Pineapple Rum BBQ Sauce & More Recipes For National BBQ Month - The Nibble Webzine Of Food Adventures Pineapple Rum BBQ Sauce & More Recipes For National BBQ Month
THE NIBBLE BLOG: Products, Recipes & Trends In Specialty Foods

Also visit our main website,

Pineapple Rum BBQ Sauce & More Recipes For National Barbecue Month

May is National Barbecue Month, and May 16th is National Barbecue Day. What better way to celebrate than by making your own barbecue sauce. Today’s featured recipe is a Pineapple Rum urbon BBQ Sauce made with dark rum. There are additional links below to more recipes that use beer, bourbon, cola, and dark chocolate.

Barbecue sauce is the number one product we receive over the transom (i.e., unsolicited). Living in an apartment with no outdoor space to barbecue, it’s not a product we used much—until it started to arrive in droves a few years ago.

The majority of the products we taste are perfectly fine, but not special enough to write about. Most are made from ketchup or tomato paste, vinegar, a sweetener (often high fructose corn syrup—HFCS), salt, onion powder, other spices (including cayenne or another chile), molasses, and maybe some mustard.

So when we made the Pineapple Rum BBQ Sauce recipe below, our tastebuds were dazzled. But before we introduce the recipe…

People often ask about the correct spelling: Is it barbecue, barbeque bar-b-que, or BBQ?

The answer is that barbecue and barbeque are alternative spellings, and BBQ and Bar-B-Q are abbreviations. According to Grammarist, “barbecue gained clear ascendancy in the late 19th century, and it has gone unchallenged ever since.”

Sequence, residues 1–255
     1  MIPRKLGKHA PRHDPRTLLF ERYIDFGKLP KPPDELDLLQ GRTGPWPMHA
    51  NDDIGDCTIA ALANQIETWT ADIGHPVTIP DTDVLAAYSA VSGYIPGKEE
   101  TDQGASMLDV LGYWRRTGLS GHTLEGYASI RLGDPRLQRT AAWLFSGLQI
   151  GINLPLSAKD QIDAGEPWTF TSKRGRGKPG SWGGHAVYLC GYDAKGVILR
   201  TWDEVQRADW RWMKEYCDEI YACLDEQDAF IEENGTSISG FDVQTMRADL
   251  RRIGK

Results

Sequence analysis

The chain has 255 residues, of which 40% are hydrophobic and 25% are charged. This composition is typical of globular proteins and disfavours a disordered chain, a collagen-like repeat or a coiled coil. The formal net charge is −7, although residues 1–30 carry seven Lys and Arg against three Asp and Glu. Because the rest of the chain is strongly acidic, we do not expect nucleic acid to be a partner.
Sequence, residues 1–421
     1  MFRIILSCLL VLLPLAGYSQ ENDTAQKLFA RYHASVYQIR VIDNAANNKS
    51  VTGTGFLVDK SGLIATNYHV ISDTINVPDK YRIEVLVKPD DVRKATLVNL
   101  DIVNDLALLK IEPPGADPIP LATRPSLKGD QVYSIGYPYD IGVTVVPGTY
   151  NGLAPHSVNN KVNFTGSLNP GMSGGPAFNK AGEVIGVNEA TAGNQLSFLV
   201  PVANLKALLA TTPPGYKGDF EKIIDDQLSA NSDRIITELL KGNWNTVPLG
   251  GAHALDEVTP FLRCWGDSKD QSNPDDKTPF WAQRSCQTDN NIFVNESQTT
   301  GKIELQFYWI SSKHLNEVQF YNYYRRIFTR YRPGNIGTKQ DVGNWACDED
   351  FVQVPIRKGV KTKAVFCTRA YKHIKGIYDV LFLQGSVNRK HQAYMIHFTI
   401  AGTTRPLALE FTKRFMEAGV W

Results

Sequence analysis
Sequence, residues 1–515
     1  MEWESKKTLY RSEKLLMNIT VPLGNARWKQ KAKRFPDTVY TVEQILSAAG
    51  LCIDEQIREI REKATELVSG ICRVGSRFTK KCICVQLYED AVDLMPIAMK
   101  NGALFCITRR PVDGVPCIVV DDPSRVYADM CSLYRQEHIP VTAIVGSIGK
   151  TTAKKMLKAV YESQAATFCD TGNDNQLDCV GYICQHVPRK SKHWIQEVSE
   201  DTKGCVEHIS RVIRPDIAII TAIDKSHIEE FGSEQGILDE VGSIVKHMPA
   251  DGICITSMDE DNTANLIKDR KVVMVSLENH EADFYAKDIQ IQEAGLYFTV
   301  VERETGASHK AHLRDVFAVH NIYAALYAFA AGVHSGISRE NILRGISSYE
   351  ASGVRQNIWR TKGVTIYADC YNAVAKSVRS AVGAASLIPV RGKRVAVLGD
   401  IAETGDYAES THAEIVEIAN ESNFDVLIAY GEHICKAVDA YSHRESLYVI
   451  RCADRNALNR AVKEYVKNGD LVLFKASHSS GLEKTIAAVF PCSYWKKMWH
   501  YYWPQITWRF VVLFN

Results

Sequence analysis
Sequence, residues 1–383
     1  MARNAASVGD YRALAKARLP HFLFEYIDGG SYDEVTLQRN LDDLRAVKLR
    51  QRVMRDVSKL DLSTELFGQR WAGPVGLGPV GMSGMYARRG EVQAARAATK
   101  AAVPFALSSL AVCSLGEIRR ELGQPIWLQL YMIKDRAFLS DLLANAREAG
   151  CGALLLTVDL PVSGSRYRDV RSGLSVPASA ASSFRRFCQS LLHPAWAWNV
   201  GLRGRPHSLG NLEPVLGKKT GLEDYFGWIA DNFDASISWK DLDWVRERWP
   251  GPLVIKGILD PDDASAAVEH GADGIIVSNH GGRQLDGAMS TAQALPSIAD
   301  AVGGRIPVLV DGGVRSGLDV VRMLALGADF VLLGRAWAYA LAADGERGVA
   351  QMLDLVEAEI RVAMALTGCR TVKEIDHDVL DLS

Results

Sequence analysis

We chose to use “barbecue” in THE NIBBLE because more of its professional standing with barbecue groups and publishers. But in terms of how “America” spells it, a Google search done today shows:

  • BBQ: 2,600,000,000
  • Barbecue: 685,000,000
  • Barbeque: 272,000,000
    No surprise that the easiest is the most common.

    Kōloa Rum, which created the featured recipe, spells it BBQ. We honor their spelling in their recipe.

    Barbecue Trivia: The word “barbecue” comes from the Haitian Arawakan word “barbakoa,” meaning “framework of sticks.” It refers to a raised wooden structure used to either sleep on or cure meat.

    > The history of barbecue, which dates to prehistory.

    > See the different types (styles) of barbecue sauce, below.

    >There are more barbecue sauce recipes, below.

    The dark rum used in this recipe has notes of vanilla, dark chocolate, and espresso, making it a delicious sipping rum. You can also pour it over ice cream.

    Dark rum, also called black rum, is aged after distilling, typically in charred oak or barrels, for three to five years. Aging in wood creates a darker color and bolder flavor. The longer the aging, the darker the color and the more intense the flavor.

    (Caveat: faux dark rum can be made by the addition of molasses, burnt sugar, or caramel.)

    Kolōa Rum Company’s Rum & Pineapple BBQ Sauce is a real treat. The dark rum and fresh pineapple create a delicious, complex, superior flavor.

    Once you see how easy it is to make barbecue sauce, you may never buy another bottle.

    For more Kōloa rum recipes, visit

  • 1/4 cup Kōloa Dark Rum (or substitute)
  • 1/2 cup fresh pineapple
  • 3/4 cup Ketchup
  • 1/2 tablespoon mustard
  • 1 clove garlic
  • 2 tablespoons Worcestershire Sauce
  • 1 tablespoon vinegar
  • 1/2 teaspoon salt
  • 1 tablespoon maple syrup
  • 1/3 cup water

    1. MIX all ingredients in a blender and pulse to desired consistency.

    2. POUR into a small saucepan and bring to boil, allowing the sauce to cook down and darken in color.

    3. POUR into a jar. The sauce will keep for 3-4 days in the fridge.

    It’s that time of year when we Northerners polish the grill, buy loads of charcoal, and stock up on meat for those outdoor barbecues. And what barbecue is complete without that sweet, tangy, smoky condiment we call barbecue sauce?

    Different regions developed different styles of barbecue sauce, so there’s a lot from which to choose.